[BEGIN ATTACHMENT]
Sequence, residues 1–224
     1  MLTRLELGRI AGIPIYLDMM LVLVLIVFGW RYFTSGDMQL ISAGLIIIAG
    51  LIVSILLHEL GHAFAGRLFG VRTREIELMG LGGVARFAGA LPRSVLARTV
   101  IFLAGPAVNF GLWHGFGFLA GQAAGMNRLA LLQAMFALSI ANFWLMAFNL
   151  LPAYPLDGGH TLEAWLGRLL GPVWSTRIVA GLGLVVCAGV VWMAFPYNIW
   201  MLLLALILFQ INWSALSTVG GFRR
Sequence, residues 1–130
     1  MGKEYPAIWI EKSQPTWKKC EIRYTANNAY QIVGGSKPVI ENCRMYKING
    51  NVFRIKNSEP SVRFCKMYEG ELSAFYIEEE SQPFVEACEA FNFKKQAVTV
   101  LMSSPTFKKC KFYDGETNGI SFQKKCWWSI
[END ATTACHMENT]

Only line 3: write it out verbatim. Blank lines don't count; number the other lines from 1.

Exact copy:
    51  LIVSILLHEL GHAFAGRLFG VRTREIELMG LGGVARFAGA LPRSVLARTV